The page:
With the early release of Onward on Disney+, almost every film ever made by Pixar is now on Disney+. (we're waiting, Incredibles 2) And since you probably don't have anything else to do, it's the perfect time for a movie marathon. If you're taking the opportunity to watch a lot of Pixar movies, it's hard to go wrong with one of the studio's best films, Inside Out.
The story of the trials that come with growing up is one of the most heartwarming, and heartbreaking, films that Pixar has ever made. It's a movie worth watching again and again, and when you do that, you start noticing cool little details, and funny easter eggs, in the background that you maybe had never seen before. Here are few of the random things we hadn't noticed about Inside Out that makes us love it that much more.
Pixar Easter Eggs
We could fill an entire list with the Pixar easter eggs found in Inside Out, there are always a lot in every Pixar project, but for this list, we'll just group them into a single entry. As usual, you can find the Luxo Ball, the Pizza Planet truck, and a reference to The Good Dinosaur, the Pixar film that came after Inside Out. One of my favorites, however, is this shot of Colette from Ratatouille, who can be seen on the cover of a magazine on the coffee table.
Bing Bong's Real Introduction
Here's something that you might miss the first time you see Inside Out, but might make you start to cry the second time you see it. By the time you actually meet Bing Bong in the movie, you may have forgotten that we saw him in the first few minutes of the film, as a young Riley draws him on the wall. Riley even says his name, but her voice is almost entirely drowned out by the score, so it's easy to overlook. The image also includes the "rocket ship" which plays an important role itself later in the film.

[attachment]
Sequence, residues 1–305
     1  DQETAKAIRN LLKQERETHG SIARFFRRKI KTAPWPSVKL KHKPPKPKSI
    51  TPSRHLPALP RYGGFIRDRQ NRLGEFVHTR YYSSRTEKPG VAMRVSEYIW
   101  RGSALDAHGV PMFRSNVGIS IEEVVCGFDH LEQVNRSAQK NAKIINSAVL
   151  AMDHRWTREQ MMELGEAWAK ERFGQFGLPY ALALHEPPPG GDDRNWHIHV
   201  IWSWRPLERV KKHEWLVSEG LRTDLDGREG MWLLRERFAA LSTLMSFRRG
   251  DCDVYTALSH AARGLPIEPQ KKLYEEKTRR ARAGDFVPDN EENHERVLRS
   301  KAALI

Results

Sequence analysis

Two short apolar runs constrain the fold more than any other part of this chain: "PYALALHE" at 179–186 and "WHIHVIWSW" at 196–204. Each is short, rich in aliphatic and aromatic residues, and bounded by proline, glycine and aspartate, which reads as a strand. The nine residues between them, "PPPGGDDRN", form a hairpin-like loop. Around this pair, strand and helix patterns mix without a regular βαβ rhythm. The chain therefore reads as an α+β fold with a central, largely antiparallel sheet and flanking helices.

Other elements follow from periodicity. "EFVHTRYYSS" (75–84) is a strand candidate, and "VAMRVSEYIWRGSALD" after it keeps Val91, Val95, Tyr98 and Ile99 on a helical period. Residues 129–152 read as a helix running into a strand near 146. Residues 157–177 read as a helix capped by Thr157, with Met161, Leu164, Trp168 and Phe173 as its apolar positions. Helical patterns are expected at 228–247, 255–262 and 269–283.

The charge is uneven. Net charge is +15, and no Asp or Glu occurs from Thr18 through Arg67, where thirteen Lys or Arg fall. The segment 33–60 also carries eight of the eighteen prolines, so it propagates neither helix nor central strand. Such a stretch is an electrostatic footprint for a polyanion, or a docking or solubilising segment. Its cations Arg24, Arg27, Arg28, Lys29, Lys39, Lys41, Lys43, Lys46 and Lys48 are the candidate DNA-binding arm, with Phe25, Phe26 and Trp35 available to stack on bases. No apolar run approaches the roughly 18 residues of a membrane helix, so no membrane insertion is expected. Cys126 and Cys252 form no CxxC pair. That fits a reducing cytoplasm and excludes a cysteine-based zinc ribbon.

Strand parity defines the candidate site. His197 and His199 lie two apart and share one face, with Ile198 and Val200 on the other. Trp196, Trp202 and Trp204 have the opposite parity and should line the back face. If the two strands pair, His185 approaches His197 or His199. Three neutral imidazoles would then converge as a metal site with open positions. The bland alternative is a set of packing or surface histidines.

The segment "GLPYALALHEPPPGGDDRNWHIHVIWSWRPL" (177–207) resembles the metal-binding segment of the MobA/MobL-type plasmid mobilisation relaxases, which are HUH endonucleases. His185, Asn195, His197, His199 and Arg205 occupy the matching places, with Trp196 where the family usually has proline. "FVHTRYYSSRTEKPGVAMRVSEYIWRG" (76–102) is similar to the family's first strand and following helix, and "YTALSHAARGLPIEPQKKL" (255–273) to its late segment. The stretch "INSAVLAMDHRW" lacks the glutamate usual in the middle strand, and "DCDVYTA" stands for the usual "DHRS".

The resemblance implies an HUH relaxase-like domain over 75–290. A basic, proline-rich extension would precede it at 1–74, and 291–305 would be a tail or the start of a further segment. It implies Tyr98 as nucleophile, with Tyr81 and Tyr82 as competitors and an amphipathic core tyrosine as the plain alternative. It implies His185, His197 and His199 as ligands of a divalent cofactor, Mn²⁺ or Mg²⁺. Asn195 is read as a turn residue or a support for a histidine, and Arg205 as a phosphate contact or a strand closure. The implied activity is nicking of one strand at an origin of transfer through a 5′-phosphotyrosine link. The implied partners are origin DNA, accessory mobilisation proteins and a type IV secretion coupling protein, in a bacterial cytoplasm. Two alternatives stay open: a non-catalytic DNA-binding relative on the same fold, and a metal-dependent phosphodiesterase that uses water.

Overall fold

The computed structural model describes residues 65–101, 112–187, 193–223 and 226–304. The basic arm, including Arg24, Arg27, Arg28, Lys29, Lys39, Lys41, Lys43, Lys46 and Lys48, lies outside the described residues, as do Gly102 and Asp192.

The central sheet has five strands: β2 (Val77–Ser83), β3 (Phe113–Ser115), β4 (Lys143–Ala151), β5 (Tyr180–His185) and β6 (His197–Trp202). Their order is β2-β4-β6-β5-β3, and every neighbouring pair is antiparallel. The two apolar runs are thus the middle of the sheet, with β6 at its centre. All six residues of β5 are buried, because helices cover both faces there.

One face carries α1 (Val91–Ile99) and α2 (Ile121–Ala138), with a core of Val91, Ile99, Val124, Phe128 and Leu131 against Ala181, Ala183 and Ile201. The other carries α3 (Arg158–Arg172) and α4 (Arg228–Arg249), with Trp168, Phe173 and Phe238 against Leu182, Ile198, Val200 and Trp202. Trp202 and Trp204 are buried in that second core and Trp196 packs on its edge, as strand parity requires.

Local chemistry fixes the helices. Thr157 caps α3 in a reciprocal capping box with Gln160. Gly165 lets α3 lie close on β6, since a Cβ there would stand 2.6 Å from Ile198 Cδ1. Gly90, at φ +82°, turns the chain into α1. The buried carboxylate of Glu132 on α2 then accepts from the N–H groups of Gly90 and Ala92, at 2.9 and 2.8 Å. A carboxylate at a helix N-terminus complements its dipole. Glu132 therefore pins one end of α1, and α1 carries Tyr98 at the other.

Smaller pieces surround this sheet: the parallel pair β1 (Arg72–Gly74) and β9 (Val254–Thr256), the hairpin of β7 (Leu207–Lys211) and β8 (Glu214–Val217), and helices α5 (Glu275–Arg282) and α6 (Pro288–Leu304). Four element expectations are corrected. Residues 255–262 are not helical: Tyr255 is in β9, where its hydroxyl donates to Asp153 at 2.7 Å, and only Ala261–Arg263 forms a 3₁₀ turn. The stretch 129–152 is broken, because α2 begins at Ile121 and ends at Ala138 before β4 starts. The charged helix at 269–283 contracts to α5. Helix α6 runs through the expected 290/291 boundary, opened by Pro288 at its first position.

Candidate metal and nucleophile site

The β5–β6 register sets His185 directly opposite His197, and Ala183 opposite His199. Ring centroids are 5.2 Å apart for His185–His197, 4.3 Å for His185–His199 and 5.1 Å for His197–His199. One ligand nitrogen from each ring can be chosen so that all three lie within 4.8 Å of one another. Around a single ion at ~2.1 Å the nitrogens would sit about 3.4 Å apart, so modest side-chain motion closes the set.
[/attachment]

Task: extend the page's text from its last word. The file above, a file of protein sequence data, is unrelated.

Throughout Inside Out, we see Anger reading a newspaper where the headline of the paper describes whatever is happening to Riley in that moment. That much is obvious, but that's not the only thing you can find in the paper. Here, the first newspaper that we see in the film, references the future being shaky because the emotions are discussing earthquakes while on the way to Riley's new house. However, on the back page, we see the question "Why does everything smell funny?" This is actually foreshadowing, as the emotions, and therefore Riley, ask this same question upon entering the new house, which Disgust thinks smells odd.
The Control Panel
A lot of the action in Inside Out surrounds the control panel. It's full of buttons and levers and it's designed to control Riley's emotions, so whichever of the emotion characters is using it, is obviously bringing up that emotion. However, the panel also lights up based on who is using it. So when Sadness hits a button it turns blue. When Disgust flips a switch, it all goes green, and it flashes back and forth between all the colors when they're all fighting over it, which is often.